I think bringing manufacturing back on shore, reinvigorating labor unions, and regulating the finance sector as it was in the early post WW II years will go a long way toward putting us back in the reasonable debt situation we had at that time.

Meanwhile, WASF

Jazzbumpa said...

My comment just got swallowed by a Blogger glitch (aka blitch.)

I'm not going to reconstruct it. I recommend reading Waldman's latest.


The Arthurian said...

I think your comment is okay. Dunno what happened.

I see debt as the problem -- or really, excessive use of credit as the problem -- because of the costs and the imbalances it creates.

I most definitely see policy as the cause of the excessive reliance on credit.

But I think I go back farther than you, nearer to the source of the problem. The fundamental concepts of policy are
1. restriction of non-credit money (as a way to fight inflation), and
2. encouragement of the use of credit (as a way to grow the economy).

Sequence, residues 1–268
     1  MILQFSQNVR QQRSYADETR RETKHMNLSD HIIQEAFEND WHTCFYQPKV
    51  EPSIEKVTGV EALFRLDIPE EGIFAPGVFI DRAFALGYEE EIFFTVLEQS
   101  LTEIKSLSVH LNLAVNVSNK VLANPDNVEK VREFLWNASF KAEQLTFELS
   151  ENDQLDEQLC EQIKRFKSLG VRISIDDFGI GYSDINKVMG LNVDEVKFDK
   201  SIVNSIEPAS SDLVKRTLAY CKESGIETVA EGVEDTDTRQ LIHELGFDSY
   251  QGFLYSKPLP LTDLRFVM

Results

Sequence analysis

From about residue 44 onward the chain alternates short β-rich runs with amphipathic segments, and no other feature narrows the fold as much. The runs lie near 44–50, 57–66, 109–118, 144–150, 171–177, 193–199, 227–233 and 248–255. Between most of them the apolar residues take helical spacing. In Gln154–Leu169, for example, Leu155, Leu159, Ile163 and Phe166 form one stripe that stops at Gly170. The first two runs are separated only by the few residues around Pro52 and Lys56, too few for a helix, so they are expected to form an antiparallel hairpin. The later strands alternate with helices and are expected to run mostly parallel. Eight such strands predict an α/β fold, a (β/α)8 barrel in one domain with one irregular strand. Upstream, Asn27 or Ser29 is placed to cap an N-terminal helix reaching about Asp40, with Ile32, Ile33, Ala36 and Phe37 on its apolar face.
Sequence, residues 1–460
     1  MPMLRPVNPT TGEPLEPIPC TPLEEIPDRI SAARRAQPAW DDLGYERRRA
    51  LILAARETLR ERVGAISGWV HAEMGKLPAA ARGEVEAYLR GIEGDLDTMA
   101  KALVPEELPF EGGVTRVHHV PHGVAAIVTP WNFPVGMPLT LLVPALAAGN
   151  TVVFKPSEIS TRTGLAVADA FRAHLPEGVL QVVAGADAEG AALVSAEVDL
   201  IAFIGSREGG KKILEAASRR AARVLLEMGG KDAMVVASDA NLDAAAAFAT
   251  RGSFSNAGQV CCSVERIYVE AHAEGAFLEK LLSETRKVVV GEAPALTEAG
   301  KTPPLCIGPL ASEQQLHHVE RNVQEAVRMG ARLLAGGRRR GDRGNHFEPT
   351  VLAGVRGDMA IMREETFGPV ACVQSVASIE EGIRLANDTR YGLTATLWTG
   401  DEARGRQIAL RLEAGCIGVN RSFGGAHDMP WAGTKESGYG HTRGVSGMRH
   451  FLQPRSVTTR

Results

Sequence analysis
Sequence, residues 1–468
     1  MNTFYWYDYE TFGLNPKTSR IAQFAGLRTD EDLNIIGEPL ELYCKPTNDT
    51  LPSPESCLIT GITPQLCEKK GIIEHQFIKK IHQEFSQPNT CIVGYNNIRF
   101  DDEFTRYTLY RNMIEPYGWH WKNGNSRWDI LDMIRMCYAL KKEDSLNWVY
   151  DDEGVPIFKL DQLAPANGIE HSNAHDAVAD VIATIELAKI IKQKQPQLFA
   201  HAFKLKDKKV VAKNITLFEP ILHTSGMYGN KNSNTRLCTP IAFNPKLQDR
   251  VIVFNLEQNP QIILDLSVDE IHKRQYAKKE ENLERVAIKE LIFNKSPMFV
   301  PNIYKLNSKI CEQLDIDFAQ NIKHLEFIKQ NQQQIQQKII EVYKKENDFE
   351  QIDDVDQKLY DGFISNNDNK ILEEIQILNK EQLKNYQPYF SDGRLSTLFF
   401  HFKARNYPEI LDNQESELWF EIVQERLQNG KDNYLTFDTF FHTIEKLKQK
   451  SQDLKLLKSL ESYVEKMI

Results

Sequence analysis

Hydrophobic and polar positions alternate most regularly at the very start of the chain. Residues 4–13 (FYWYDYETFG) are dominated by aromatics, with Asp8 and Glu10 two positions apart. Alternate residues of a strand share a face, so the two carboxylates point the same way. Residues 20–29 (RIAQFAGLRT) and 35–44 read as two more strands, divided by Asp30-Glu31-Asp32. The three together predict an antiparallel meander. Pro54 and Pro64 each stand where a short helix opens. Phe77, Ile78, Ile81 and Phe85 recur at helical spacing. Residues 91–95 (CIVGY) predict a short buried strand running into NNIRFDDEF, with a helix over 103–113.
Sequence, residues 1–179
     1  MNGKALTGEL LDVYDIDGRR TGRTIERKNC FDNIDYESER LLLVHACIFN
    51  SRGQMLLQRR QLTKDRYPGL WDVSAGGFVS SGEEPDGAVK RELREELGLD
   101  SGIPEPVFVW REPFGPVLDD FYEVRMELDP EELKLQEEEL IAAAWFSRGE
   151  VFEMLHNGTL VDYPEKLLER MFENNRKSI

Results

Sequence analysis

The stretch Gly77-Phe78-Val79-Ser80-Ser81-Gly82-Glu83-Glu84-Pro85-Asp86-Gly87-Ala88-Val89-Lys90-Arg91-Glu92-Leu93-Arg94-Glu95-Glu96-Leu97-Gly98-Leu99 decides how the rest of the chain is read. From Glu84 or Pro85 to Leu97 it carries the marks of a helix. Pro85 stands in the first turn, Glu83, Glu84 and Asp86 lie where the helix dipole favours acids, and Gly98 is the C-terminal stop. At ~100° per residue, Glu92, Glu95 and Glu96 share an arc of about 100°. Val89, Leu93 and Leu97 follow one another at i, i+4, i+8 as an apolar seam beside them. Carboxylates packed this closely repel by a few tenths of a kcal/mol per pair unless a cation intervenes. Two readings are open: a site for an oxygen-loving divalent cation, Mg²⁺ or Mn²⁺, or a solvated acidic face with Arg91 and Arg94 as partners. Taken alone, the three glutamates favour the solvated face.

Together, these two fundamental concepts relentlessly drive the growth of debt, and have done so at least since the end of the second world war.

I'm not saying that credit use was excessive right after WWII or by the early 1950s. No. But debt accumulation was already under way then, and by the 1970s financial costs were contributing to both the "stag" and the "flation" of stagflation.

The Arthurian said...

If I push "the problem" back from "debt" to its cause "policy", then I find I must push "the cause" back also, to "human nature". At that point, there is no solution. This is why I stop chasing the problem backwards at "debt".